Dropbox

During a period of strong growth, due in part to Sean Ellis (CEO and Founder of Growthhackers.com), Dropbox had to deal with already well established competitors like Google Drive, iCloud and SkyDrive. The founders of Dropbox, after “conquering” those initial adopters, thanks to their incredible mastery of viral videos, found themselves stagnant by early 2009. They were forced to consider whether it was best to continue investing their budget into the same channels (their viral video communication strategy and social networks) or promote their product through online advertising. The acquisition cost for a single client was between $233 and $388 USD, the cost of a premium subscription was $99, so it was obvious that this advertising model was not sustainable. After more than fourteen months of stagnation, a proposal was introduced by Sean Ellis; a referral program, where each time a user registered on the site, they were automatically encouraged to invite their contacts to join Dropbox. For each referred contact that joined, the user received 500 free megabytes of storage. Dropbox went from 100,000 to 4,000,000 subscribers.

 

Facebook

The growth hacking strategy used by Zuckerberg to grow the number of active Facebook users, also came at the point in which a new user first signed up. They were able to find friends on the platform by entering their email address. They were encouraged to invite all contacts to join them, even those that were not already using Facebook. This was achieved through the integration of the APIs of different popular email service providers (Gmail, Hotmail, Yahoo…etc.)., New users doubled as an additional promotional channel, and Facebook achieved great success in terms of scalability.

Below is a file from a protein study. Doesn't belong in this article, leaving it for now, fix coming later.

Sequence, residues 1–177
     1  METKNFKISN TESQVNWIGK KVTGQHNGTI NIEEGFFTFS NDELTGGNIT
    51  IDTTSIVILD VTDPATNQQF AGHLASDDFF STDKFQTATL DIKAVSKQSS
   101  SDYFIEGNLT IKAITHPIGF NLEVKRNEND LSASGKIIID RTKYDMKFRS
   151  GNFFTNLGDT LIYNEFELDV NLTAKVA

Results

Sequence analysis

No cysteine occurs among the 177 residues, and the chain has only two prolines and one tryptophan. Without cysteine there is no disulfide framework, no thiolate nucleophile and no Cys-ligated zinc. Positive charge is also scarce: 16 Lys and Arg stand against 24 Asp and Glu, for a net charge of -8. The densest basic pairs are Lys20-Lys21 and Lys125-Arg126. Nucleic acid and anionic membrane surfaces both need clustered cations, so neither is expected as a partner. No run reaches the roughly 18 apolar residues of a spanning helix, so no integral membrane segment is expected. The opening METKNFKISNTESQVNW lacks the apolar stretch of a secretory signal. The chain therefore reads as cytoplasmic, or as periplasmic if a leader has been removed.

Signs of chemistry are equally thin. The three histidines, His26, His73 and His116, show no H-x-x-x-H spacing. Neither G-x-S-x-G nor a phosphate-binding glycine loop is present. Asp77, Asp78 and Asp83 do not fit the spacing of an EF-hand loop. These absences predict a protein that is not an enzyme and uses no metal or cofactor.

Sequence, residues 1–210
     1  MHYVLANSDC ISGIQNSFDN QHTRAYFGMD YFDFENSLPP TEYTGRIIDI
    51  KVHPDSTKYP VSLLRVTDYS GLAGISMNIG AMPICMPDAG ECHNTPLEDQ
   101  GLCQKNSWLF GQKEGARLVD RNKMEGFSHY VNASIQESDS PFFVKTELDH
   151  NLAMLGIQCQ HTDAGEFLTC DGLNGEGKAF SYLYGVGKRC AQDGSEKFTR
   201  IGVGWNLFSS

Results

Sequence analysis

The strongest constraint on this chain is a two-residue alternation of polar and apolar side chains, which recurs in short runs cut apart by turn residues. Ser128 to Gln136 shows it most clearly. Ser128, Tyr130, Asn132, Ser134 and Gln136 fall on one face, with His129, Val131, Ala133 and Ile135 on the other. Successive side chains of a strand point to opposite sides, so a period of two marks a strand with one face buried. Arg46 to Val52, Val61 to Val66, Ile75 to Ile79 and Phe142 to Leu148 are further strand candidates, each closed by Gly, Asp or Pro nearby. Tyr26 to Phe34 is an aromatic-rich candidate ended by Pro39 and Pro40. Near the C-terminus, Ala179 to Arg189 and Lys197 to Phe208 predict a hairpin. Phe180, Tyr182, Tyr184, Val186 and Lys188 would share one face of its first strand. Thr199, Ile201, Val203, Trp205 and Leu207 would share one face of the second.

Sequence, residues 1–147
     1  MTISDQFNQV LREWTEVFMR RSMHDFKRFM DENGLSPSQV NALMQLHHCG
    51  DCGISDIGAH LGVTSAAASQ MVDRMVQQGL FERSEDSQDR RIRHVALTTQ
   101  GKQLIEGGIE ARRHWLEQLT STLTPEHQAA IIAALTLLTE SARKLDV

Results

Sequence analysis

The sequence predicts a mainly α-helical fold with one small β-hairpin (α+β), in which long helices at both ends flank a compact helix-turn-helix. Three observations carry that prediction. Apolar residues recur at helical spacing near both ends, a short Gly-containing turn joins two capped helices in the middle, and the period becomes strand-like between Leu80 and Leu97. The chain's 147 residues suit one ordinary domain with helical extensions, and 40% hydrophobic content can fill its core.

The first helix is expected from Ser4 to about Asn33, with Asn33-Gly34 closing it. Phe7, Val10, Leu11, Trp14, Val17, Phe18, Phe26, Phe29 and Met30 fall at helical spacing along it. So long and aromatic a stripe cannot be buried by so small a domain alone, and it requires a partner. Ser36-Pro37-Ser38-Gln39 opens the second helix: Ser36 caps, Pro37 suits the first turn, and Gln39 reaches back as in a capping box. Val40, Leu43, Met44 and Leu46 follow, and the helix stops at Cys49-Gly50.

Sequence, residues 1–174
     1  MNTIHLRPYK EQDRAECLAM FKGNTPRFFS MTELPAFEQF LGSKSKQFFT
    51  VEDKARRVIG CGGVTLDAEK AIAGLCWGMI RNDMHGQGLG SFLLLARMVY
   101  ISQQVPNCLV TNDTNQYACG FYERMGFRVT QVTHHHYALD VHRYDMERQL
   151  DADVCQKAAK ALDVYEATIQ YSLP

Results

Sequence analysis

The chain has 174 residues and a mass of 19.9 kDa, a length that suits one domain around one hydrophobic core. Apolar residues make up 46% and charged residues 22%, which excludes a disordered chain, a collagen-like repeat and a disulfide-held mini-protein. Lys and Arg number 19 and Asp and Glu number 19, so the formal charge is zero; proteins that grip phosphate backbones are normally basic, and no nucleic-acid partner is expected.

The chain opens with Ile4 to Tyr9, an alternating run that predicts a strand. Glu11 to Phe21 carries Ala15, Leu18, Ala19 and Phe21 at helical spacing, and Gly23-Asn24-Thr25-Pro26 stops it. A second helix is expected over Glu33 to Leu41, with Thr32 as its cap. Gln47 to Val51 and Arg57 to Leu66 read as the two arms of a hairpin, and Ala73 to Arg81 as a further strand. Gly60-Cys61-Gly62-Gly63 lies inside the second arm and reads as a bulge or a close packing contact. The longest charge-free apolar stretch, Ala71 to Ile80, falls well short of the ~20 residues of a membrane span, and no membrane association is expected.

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David Lastra

   

I was born in Hortaleza, Madrid. Everything changed when the Zilog Z80 processor entered my life as a child, directing my professional career towards technology and digital businesses. I’m a psychologist with an MBA and an entrepreneur in internet startups. I’ve led full stack development teams in different industries and have even created a Short…